And as for costing less than the Dura-Ace rear derailleur... maybe... a little. It is more complex since it has a clutch in the mech as well. The DA RD-9000 has a MSRP of $280 and the XTR RD-M986 has an MSRP of $270. So about 4% less as a model would put the Di2 XTR RD at around $868. I really don't expect them to try and force this on the market by pricing too much more aggressively than that. But if it is 20% less at $720 or 40% less at $540 it is still too much for mass adoption. They are in a serious uphill battle on this one.

    Maybe they will offer 5yrs of no fault crash replacement with the MSRP, that might get them some more holdouts.

  15. #15
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    ^^^ It may take something like that crash replacement deal, or like some carbon wheels companies, where you can buy an add-on insurance in case you biff a wheel...for a small fee, of course. But yes, that might help the early adopters buy-in.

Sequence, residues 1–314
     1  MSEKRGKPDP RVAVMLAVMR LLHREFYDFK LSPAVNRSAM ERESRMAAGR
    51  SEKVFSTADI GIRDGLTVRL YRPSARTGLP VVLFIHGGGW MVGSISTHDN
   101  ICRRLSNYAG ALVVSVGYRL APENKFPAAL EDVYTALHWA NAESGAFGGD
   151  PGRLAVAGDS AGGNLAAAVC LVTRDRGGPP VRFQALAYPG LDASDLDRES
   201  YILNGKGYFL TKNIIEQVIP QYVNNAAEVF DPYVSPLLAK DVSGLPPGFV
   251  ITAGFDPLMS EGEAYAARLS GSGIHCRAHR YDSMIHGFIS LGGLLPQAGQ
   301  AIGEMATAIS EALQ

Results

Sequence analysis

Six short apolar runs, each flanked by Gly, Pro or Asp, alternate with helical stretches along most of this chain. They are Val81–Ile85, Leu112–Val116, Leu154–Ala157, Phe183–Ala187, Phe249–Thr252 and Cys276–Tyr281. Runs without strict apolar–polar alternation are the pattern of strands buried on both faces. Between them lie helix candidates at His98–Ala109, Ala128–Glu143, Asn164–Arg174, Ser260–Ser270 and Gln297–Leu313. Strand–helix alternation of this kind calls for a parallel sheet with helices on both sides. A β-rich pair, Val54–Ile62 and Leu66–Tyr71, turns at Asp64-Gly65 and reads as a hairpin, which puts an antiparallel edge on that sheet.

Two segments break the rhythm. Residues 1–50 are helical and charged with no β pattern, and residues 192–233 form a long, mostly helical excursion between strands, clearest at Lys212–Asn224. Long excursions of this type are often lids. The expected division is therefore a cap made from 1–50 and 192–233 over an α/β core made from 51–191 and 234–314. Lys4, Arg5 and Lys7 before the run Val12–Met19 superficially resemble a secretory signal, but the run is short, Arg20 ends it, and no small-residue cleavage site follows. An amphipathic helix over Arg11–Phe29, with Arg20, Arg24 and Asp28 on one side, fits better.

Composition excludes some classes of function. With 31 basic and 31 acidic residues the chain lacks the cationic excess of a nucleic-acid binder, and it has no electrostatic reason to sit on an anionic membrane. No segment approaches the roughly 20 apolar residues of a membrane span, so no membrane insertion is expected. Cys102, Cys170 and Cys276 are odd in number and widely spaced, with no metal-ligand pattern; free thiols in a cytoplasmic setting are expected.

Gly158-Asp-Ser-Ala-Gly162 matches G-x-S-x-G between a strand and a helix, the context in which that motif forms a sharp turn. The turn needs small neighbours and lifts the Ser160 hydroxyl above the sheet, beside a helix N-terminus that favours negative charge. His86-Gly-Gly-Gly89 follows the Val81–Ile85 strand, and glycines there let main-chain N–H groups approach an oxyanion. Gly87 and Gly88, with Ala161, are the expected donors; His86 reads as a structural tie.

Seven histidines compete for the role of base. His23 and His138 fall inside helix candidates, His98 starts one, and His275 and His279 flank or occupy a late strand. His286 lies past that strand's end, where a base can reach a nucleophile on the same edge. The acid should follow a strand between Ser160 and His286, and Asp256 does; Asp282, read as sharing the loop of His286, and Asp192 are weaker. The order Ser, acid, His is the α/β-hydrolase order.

16. #16
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    $868...I would be so stressed having that on my bike.

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  17. #17
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    i dunno...exciting to see this...it IS expensive but xtr was always supposed to be ne plus ultra...in someways its cool to see a company willing to produce a derailleur that could be priced in that bracket...there *will* be a market...and it *will* trickle down...no, i wouldnt put a $900 mech on my bike, but i guess i would if i could and i probably will use something that is born of this...i think shimano probably need to be lauded for bringing it...

  18. #18
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    Quote Originally Posted by oaklandish View Post
    So far, no mention of the cost of the Di2 XTR rear derailleur!

    Look at the cost for the road version with an MSRP of $900. I would expect the XTR to be at least as much as that one. This is a critical component that is very exposed and at least for me, has been hit by something or has hit something on every one of my bikes for the the past 20+ years of riding.